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Breast Reconstruction

Nipple-areola complex reconstruction

Author: Mia Demant, MD

Nipple-areolar complex (NAC) reconstruction is a critical component of breast reconstruction surgery following mastectomy. The areola, with its pigmentation and texture, plays a vital role in achieving a natural aesthetic outcome. This text delves into some of the techniques and advancements in areolar nipple reconstruction, providing you with insights to enhance your skills and knowledge.

The areola not only contributes to the visual appeal of the breast but also holds emotional significance for patients, as it restores a sense of normalcy and femininity. Therefore, properly executed NAC reconstruction can significantly improve the overall satisfaction and psychological well-being of breast reconstruction patients.

Thorough patient assessment is crucial before performing areolar nipple reconstruction. Considerations should include skin quality, color, symmetry, patient preferences, and the type of previous reconstructive surgery performed. Detailed preoperative planning ensures personalized approaches for each patient, leading to optimal outcomes.

Techniques in NAC reconstruction

Grafting techniques

Skin grafting: Utilizing the patient’s own skin from an inconspicuous area, such as the inner thigh, to create a natural-looking areola.

Allografts: Using commercially available skin grafts or xenografts to create the areola. These options can be particularly helpful when the patient lacks suitable donor sites.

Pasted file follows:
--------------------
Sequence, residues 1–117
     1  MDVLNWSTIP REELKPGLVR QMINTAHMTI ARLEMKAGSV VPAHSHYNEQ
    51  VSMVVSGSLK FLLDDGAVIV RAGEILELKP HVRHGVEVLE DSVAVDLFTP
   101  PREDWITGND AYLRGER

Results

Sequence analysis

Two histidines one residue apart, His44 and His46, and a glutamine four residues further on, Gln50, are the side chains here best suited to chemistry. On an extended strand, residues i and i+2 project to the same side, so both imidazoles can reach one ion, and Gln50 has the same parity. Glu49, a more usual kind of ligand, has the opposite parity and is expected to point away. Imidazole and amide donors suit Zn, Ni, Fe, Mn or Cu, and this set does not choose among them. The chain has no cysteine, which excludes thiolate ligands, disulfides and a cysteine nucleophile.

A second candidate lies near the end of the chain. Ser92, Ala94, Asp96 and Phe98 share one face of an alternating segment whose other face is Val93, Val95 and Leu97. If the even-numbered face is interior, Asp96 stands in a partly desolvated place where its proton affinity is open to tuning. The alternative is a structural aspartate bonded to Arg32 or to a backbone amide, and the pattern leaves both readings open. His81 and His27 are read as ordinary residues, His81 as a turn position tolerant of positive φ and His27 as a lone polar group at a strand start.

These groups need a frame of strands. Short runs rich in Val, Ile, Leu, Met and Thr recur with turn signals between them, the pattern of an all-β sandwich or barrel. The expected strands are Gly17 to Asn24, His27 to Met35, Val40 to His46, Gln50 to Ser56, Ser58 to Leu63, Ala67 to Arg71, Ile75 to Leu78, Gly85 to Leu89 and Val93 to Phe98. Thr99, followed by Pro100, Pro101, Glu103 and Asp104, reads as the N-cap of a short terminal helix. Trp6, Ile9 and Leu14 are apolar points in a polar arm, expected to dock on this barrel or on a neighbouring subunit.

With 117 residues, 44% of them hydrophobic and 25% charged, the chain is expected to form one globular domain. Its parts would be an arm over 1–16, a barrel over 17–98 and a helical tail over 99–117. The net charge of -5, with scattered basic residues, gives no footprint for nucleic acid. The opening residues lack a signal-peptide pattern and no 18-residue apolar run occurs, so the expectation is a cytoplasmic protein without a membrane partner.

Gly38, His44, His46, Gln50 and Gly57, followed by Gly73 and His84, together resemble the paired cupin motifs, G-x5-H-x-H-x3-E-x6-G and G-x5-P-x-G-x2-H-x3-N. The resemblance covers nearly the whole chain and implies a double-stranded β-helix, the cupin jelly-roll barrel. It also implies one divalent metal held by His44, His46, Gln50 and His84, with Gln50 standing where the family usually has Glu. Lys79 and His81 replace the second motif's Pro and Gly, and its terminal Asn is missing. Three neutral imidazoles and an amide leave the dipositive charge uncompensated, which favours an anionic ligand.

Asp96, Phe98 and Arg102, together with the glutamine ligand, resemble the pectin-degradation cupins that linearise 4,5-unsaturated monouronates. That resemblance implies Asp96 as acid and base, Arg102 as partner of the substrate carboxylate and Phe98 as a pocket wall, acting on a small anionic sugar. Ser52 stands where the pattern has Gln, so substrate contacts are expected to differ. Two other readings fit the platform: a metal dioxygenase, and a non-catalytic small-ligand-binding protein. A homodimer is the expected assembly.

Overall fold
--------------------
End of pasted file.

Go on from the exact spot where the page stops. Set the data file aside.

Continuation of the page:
Local flaps

C-V flap: A local flap technique involving a circular incision around the nipple site, creating a raised areolar mound:

Star flap: Employing multiple triangular flaps to create a star-like areolar shape.


Achieving realistic areolar pigmentation through tattooing techniques. This is often the final step in areolar nipple reconstruction to enhance color and texture.

Surgical technique: C-V flap

Preoperative Planning

  1. Patient Evaluation: Assess the patient’s breast shape, size, symmetry, and skin quality. Consider the patient’s preferences and discuss the ideal size, shape, and location of the new nipple-areolar complex.
  2. Marking: Mark the desired nipple position (ideally together with the patient who is standing in front of a mirror), areolar size, and shape on the breast. The nipple position is often marked at the center of the new breast mound.

Surgical Steps

  1. Administer appropriate local anesthesia, i.e. epinephrine mixed with lidocain.
  2. The incision line of the C-V flap is drawn at the marked new nipple position.
  3. One C flap and two V flaps are elevated together preserving dermis and fatty tissue.
  4. The donor defects of the V flaps are initially closed, and then the two V flaps are crossed to form the side wall of the new nipple.
  5. The C flap covers the top of new nipple to complete the reconstruction. Non-absorbable suture like Surgipro 5-0 is used and removed after approximately 10 days.  

Dressings and Postoperative Care:

  1. Apply sterile dressings (i.e. a “chimney dressing” to avoid “collapsing” of the new nipple).
  2. Provide postoperative instructions to the patient, including wound care and activity restrictions.
  3. Postoperative care involves monitoring for complications such as necrosis, infection, poor healing, or color fading. Patient counseling is essential to manage expectations and ensure understanding of the healing process, potential revisions, and the role of tattooing in achieving the final aesthetic result.

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